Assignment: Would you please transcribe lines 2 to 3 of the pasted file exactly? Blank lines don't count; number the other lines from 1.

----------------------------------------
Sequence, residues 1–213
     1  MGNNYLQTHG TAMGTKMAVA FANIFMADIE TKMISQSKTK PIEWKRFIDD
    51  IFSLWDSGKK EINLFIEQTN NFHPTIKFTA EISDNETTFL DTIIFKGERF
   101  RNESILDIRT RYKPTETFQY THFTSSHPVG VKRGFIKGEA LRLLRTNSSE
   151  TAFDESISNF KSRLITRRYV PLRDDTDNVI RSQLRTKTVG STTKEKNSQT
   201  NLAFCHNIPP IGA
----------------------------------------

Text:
     1  MGNNYLQTHG TAMGTKMAVA FANIFMADIE TKMISQSKTK PIEWKRFIDD
    51  IFSLWDSGKK EINLFIEQTN NFHPTIKFTA EISDNETTFL DTIIFKGERF